View 1 comment. Jun 18, Mikey B. But a woman smarter than a man and also not afraid of a man, well, good night. She was the first woman to be in the Cabinet women were only given the vote in She accomplished a great deal: a federal law abolishing child labor, a forty hour work week, workers compensation prior to this if a worker was injured on the job he was on his own , a minimum wage although this could vary by state , unemployment relief, social security as in old age pensions.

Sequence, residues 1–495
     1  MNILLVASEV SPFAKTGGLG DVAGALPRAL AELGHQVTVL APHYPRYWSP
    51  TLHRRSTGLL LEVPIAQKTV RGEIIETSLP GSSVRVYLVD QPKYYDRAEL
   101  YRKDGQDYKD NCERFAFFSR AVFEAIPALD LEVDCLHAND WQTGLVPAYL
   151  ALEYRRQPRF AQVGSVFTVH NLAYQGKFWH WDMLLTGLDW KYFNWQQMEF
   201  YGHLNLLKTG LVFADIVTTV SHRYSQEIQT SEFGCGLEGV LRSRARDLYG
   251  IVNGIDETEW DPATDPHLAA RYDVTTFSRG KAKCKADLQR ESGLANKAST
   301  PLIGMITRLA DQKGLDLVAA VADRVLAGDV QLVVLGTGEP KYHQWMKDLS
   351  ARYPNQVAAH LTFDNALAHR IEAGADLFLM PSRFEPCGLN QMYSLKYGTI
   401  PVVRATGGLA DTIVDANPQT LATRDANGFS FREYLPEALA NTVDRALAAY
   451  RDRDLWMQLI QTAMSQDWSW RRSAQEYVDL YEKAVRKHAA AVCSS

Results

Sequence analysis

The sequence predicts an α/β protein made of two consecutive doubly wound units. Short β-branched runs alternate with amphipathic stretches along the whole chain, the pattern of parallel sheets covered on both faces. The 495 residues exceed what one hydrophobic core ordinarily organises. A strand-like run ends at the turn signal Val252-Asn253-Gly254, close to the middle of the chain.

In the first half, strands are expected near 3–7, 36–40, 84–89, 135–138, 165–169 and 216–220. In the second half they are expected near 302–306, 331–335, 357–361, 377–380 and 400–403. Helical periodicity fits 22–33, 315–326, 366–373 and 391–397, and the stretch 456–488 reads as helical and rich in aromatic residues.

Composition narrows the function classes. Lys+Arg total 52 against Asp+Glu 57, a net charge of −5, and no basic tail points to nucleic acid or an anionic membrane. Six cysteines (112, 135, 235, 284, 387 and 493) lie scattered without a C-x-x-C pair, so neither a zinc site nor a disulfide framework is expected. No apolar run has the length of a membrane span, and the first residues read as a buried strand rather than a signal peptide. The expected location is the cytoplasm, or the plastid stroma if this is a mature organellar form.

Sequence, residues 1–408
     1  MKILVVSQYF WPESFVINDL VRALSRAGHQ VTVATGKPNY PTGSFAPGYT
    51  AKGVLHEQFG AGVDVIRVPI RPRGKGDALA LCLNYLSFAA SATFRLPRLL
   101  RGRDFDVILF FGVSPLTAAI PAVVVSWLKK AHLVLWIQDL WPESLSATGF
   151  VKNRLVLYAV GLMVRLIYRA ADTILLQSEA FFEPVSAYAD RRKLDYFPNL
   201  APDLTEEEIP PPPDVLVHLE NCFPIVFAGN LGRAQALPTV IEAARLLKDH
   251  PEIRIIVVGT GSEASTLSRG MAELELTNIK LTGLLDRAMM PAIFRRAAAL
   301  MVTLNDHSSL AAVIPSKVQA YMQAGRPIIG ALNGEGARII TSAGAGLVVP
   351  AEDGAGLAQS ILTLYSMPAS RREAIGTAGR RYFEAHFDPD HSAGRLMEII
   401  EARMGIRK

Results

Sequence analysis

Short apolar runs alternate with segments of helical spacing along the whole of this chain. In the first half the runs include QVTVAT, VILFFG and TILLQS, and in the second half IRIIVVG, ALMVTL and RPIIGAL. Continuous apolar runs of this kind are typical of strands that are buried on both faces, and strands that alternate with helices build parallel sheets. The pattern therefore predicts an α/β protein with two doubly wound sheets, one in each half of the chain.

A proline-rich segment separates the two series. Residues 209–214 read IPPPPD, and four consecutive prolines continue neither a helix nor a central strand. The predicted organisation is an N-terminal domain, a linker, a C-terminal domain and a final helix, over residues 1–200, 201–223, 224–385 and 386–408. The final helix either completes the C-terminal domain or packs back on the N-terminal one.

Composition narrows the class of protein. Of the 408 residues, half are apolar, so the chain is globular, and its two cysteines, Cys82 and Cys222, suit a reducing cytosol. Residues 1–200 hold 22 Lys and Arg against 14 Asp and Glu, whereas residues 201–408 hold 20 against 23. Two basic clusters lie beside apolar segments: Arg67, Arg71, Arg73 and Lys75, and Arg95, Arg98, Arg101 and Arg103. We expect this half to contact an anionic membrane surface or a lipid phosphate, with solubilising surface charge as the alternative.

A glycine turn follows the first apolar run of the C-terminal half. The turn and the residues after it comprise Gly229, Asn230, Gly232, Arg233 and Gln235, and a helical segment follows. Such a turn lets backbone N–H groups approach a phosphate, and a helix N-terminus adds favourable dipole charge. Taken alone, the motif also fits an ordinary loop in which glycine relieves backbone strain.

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All of these today are sacrosanct. She also tried to introduce universal health care — but the struggle for that goes on to this day! Also during her tenure the strength of unions and the ability of workers to unionize increased. Frances Perkins wanted workers to have rights — and she passed legislation ensuring this. We follow her upbringing as she came to abandon her staid middle class roots to become more socially involved. She became a social activist in New York City and was very adept at making numerous contacts — among them Franklin Roosevelt when he was Governor of New York.